Run the Riverkeeper

, By Yarra

A few weeks have passed since I finished this epic journey along the Yarra catchment from source to sea, exploring the trails and connecting with nature while raising awareness about river issues. 

I was super lucky and grateful to have Hilary McAllister from For Wild Places on crewing duties for the whole week, which made things flow perfectly. Big shoutout to her and the entire community of For Wild Places. Their work is what we need as a community that enjoys the trails and natural spaces to play and wants them protected for future generations. 

Through this blog, I will briefly recap the wonderful experience of this run. The good, the bad and the ugly things we saw and experienced, including what could change for the next one. No, I don’t see myself doing another 280km soon….but who knows? I might have opened a little can of worms into the multi-day stage running concept. And much better if it’s for good!

Running does not always need to be about PBs and fast hot laps. I am, in fact, a “slow runner”. I take too long snapping photos of Blue Tongue lizards and orchids. And a few years ago, I found my calling in using this superpower of running long distances with environmental activism (Check out The Plastic Runner for more on this). 

So we kicked off the big run on 25/09, World Rivers Day. Why on this day? Because it was the perfect way to give a celebration and acknowledge the Birrarung/Yarra River with what’s most special to me: Trail running and ultras. 

DISCLAIMER: I have never done multi-day stage running. This was a whole new world to me!


Spending time with friends and connecting to nature with a “for purpose” adventure:

After so many months in lockdowns and not being able to see my friends for a while, it was normal to feel disconnected once we came out of the COVID funk. For the past 2 years, I have felt the same. Having done most of my runs on my own and within limited space. This was the best way to reconnect with some friends and the trail community while feeding the bug of exploration/nature adventure. While some people decide to have these experiences solo aiming to get that “revelation” time and experience, this run was different. I wanted to share the journey with people that have been part of my family away from home. Thanks to all the legends that supported us on the ground and from afar! Your words of encouragement were vital when I felt a bit low.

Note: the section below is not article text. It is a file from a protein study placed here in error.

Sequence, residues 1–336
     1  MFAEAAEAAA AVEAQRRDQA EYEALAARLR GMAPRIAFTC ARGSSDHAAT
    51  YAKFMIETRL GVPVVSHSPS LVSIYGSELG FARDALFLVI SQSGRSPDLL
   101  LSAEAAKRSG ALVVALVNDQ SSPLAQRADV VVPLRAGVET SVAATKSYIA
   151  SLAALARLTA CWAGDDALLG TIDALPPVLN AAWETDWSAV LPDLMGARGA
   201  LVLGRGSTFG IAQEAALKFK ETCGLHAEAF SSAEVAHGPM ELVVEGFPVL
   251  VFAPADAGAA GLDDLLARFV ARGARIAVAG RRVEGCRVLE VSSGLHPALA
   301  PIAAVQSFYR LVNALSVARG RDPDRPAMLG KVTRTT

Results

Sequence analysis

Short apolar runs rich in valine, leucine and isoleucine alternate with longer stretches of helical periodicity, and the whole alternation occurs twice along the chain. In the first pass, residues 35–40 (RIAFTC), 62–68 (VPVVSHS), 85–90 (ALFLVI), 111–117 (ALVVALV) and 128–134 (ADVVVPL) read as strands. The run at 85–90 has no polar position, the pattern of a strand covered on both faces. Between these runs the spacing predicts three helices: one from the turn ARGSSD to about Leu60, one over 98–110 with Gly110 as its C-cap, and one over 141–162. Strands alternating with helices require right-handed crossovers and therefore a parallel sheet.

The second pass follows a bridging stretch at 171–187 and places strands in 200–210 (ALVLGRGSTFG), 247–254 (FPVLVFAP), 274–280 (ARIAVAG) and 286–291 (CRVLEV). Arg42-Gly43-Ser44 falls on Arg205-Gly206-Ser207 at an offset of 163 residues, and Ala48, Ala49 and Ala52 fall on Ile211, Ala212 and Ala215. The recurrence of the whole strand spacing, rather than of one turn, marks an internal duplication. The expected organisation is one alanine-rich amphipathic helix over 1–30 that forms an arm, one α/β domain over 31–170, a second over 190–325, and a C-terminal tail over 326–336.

Experiencing the Birrarung one step at a time while sharing it with the community:

As the CEO of an organisation that advocates for the Birrarung/Yarra River, I have always believed in “walking the talk”. In my case, I decided to run the talk! This project allowed me to connect with the waterways personally, listening to the surroundings while dedicating one of my main hobbies. I have been around water all my life, so this experience of celebrating while becoming part of that trail was a life-changing memory. I came with no expectations and left with so many gifts. 


This was a whole new thing for me. I have done a few 100s and other challenging ultras. Still, this new bucket of stage running was a parallel dimension I knew nothing about. Earlier this year, I had the opportunity to trial a bit of multi-day nutrition when I decided to solo hike part of the Larapinta Trail over 8 days. I found the perfect option for me, which were Radix Ultra meals. You can have 800 calories in a small portion without compromising nutritional value or yumminess! As I don’t eat meat, the variety of freeze-dried meals is minimal…and we are all sick of the bland “Bolognese pasta”. Radix is full of wholesome ingredients, which first caught my attention. My Larapinta nutrition was successful, so I used a similar approach with this big run. I didn’t want to overthink it when it came to getting the calories in, and I wanted to ensure I was eating more than just a bag of crisps per km. Breakfast and Lunch were Radix. Dinner was something fresher and less heavy. Snacks ad livitum! I used most of the things I had been eating during training, assuring my gut knew what was coming. 


The main advice is to keep using what you are familiar with. I have been using Salomon as my brand of preference for trail shoes for many years. However, this is a personal preference, and you should try a few things before committing to any brands. Having said that, I usually use the Men models as they have more room in the toes plus more sizes. I have learnt to give space to my feet when doing these big runs, as they usually get swollen, and we all like to keep our toenails.